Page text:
Recent years have seen a movement towards “rewilding”, the process of giving land back to natural processes. As it stands, rewilding is understood to be highly positive for the climate, biodiversity, and the wallet; since minimal human intervention results in almost no fuel output, no hi-tech re-routing of rivers, and no chemical fertilisers – not to mention no mass deforestation! Vitally, rewilding allows for new ecosystems to establish themselves securely, and for regionally extinct species to re-emerge.
This is exactly what has happened at the Oostvaardersplassen, a rewilding site established in the Netherlands during the late 80s. Having previously been extinct in Western Europe, White Tailed Eagles have been recorded at this site alongside around 250 other species of bird. However, the success of the Oostvaardersplassen in this respect is largely due to grazing animals, the introduction of which to the site has proven controversial for animal rights activists, ecologists, and among public opinion.
Grazing animals have been the keystone species in transforming the Oostvaardersplassen, once largely submerged, into its current grassland. Grazing animals have historically been integral in establishing varied habitat and grasslands through their intensive management of vegetation; this is why the vegetation doesn’t reach “climax”, which is where unkempt land eventually turns into woodland. This was the idea behind maintaining grassland at the Oostvaardersplassen, which now boasts herds of hardy breeds such as Konik ponies, Heck cattle, and Roe deer, valued for their similarities to ancient breeds (for example Aurochs) who once excelled at the job. The introduction of grazing animals also promotes biodiversity in other respects: cows can transport around 230 plant species in their gut and hair, and under-grazed areas promote the growth of shrubs and other flora, which in turn attract insect species such as butterflies.
Allowing natural processes to take over in the Oostvaardersplassen means human intervention is minimal. Frans Vera, the ecologist who spearheaded the Oostvaaedersplassen since its conception, considers some of the positives to this; including how the animals have natural herd structures and mating processes (without artificial insemination).
However, the so-called “seasonal dieback” of these grazing animals has proved controversial. Herd populations are heavily contingent upon the seasons so weaker animals are left to die out and struggle through harsh winters. The winter of 2017 was met with particular outrage from animal rights activists after 3000 deer, horse, and cattle died. Central to the activists’ arguments is that these deaths were unnatural because of the Oostvaardersplassen’s perimeter fence which, activists claim, prevents migration and the natural movement of animals to find food. Crucially, plans to establish a nature corridor to the Oostvaardersplassen also collapsed. Protestors now throw hay to animals over the fence and have organised vigils, as well as sending some *interesting* paraphernalia to Vera.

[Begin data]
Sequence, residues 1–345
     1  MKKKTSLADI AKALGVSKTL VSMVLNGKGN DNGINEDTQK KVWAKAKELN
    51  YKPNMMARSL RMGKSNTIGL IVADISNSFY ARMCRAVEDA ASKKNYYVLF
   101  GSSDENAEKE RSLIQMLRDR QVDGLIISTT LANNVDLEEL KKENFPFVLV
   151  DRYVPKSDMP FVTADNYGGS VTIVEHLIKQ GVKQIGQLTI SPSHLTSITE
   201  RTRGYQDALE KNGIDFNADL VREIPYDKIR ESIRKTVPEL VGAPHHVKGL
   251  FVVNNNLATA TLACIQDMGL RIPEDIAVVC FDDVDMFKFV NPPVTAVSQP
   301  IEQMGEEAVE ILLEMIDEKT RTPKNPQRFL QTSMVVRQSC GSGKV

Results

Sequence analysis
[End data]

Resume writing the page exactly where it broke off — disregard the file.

Part of what makes the Oostvaardersplassen’s death toll so harrowing is that deer carcasses, which aren’t legally required to be incinerated, are left on the grassland. These are left as part of the site’s non-intervention principles, and also for necrophagous insects (those who draw vital nutrients into the soil) to feed on. Yet, it is certain that these carcasses, deemed to make the Oostvaardersplassen resemble a “cemetery”, bring animal deaths into a clarity many struggle to reconcile themselves with.
As a consequence, tensions between nature lovers are brought into view. It’s undeniable that the Oostvaardersplassen has been successful at promoting a number of new species, undermining the idea of climax vegetation, and revitalising various ecosystems. However, navigating this with the high risk of alienating the public and activists is problematic. Although Frans Vera resents public outcry, stating that “the fixation is solely on [the animals’] death not on the quality of their lives”, it appears a compromise must be met. Since the winter of 2017, the number of grazing animals allowed at the Oostvaardersplassen has been capped to prevent overpopulation, as out-of-control population growth is largely considered the reason behind the mass mortalities in 2017.
Complete non-intervention is now an unviable path forwards for the Oostvaardersplassen. Intervention is necessary in two ways; both to placate public opinion, and to prevent unchecked animal populations. Moreover, Frank Berndese, a former professor of ecology and conservation, has also observed that the very principle of the Oostvaardersplassen has been rooted in intervention via the prevention of woodland succession and maintenance of the grassland. These have been strictly engineered by the introduction of grazing animals. Thus, a fallacy in rewilding is exposed. What the Oostvaardersplassen lays out clearly, however, is that non-intervention is always calculated, both by public and natural forces.
By Mia Fulford
Header image: NOS